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June 29, 2011
My Life as an Undocumented Immigrant.
undocumented worker immigrants image

Using "Illegal" = criminalization, dehumanization

Maintaining a deception for so long distorts your sense of self. You start wondering who you’ve become, and why. —Jose Antonio Vargas

It was 1993, when 12-year-old Jose Antonio Vargas, left the Philippines for the United States with the help of an “uncle.” This uncle, who in reality was a coyote whom his mother and grandfather arranged, was paid thousands of dollars. Vargas was brought to the U.S. in order to live a better life with his grandparents, Lolo (grandfather) and Lola (grandmother). When Vargas arrived, he lived in California where he went to school and started a new life.

Lolo had planned that Vargas mother would come in into the country with a tourist visa which she was not able to get. After Vargas arrived his mother was suppose to follow him, but she never did. Just like any other undocumented immigrant, Vargas had a lot of difficulty learning the difference between formal English and American slang, but his passion for language and hours of studying helped him overcome that obstacle.

When he decided to get his driver’s permit at 16, he learned about his false documents. When Vargas asked Lolo, he said that he had purchased the green card and warned Vargas not to show anyone those documents. It may have been this day that Vargas began to live in fear and become hyper-aware of nativist bigotry.

“I decided then that I could never give anyone reason to doubt I was an                                  American. I convinced myself that if I worked enough, if I achieved enough, I                        would be rewarded with citizenship. I felt I could earn it. I’ve tried. Over the                          past 14 years, I’ve graduated from high school and college and built a career as                      a journalist, interviewing some of the most famous people in the country. On                          the surface, I’ve created a good life. I’ve lived the American dream.”

The struggle of being an undocumented person encompasses obstacles with language, career, personal relationships, education, and so much more. As much as he hated it, Vargas and Lolo had to continue to forge documents and provide false information because of the rigid laws that prohibited him from living a meaningful life.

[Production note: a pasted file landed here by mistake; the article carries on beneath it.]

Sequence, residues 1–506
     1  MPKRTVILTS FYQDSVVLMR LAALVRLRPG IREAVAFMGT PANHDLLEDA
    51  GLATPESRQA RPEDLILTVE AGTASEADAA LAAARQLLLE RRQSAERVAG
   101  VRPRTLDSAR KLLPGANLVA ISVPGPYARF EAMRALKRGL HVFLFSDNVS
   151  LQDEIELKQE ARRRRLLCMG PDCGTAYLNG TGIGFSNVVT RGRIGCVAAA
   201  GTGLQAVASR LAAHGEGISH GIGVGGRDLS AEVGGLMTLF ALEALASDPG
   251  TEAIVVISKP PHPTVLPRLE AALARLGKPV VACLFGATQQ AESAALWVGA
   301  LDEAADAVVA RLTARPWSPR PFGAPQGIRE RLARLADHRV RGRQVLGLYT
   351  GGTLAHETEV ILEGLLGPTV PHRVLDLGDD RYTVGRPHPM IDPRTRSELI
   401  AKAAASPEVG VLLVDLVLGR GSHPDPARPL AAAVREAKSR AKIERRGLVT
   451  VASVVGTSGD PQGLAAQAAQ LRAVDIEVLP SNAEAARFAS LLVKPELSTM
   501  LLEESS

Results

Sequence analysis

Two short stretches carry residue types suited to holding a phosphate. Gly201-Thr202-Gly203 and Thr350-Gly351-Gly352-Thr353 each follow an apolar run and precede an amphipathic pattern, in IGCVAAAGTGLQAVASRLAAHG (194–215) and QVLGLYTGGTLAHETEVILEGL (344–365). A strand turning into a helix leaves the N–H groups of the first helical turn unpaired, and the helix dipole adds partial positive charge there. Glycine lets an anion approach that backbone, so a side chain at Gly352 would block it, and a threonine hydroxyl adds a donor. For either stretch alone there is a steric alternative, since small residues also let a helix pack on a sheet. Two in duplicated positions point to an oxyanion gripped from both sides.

Vargas worked part time at Subway, then at the front desk of his town Y.M.C.A., then in a tennis club, and then in an unpaid internship at his hometown newspaper, The Mountain View Voice, where he worked hard to get a better position. Vargas lived in guilt.

Vargas had another secret, which he revealed in High School. He is gay. He was discriminated because of it. Lolo kicked him out of the house for a few weeks. The fight for civil rights for both in the gay and immigrant community are parallel. As Vargas’s situation shows, the fight is also very much interconnected.

During his senior year, Vargas could not apply for state or federal aid, without which his grandparents couldn’t afford to pay for college. Fortunately, he earned a full-time scholarship. Years later, Jim Strand, the guy who had sponsored his scholarship, offered to pay for an immigration lawyer. Vargas accepted and this gave him hope. But, it crushed him when the lawyer told him his only way out would be to return to the Philippines on a ten-year-ban before he could apply to return legally.

In appearance, Vargas has a successful career in journalism. In essence, his stamped identity of an “illegal alien” has devastated his life.

“The more I achieved, the more scared and depressed I became. I was proud                        of my work, but there was always a cloud hanging over it, over me.”

Vargas declares “I’m done running. I’m exhausted. I don’t want that life anymore.” And so, he has decided to come out. His story is painful, and paints the reality of what is the life of millions of students and workers in the U.S. Vargas believed, as he was taught to believe, that if he upheld the values of being a citizen, he would be granted citizenship. This is a myth. It takes great courage to face a lifetime-fear. While reading his narrative, one question keeps appearing in the mind’s eye: did he choose this life? The answer is: When given a “choice” between being shot and shooting oneself, the result is always death. He had no choice, but just the instinct to survive.

Vargas no longer wishes to feel fear or to hide his true identity. He wants to show people who he really is and that there are other people out there who are be in the same situation as him. He wants to live in peace and show his country what he has accomplished despite his obstacles. He wants his country to take him as he is.

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My Life as an Undocumented Immigrant                                                                                                                                                By: Jose Antonio Vargas                                                                                                                     Published: June 22, 2011.




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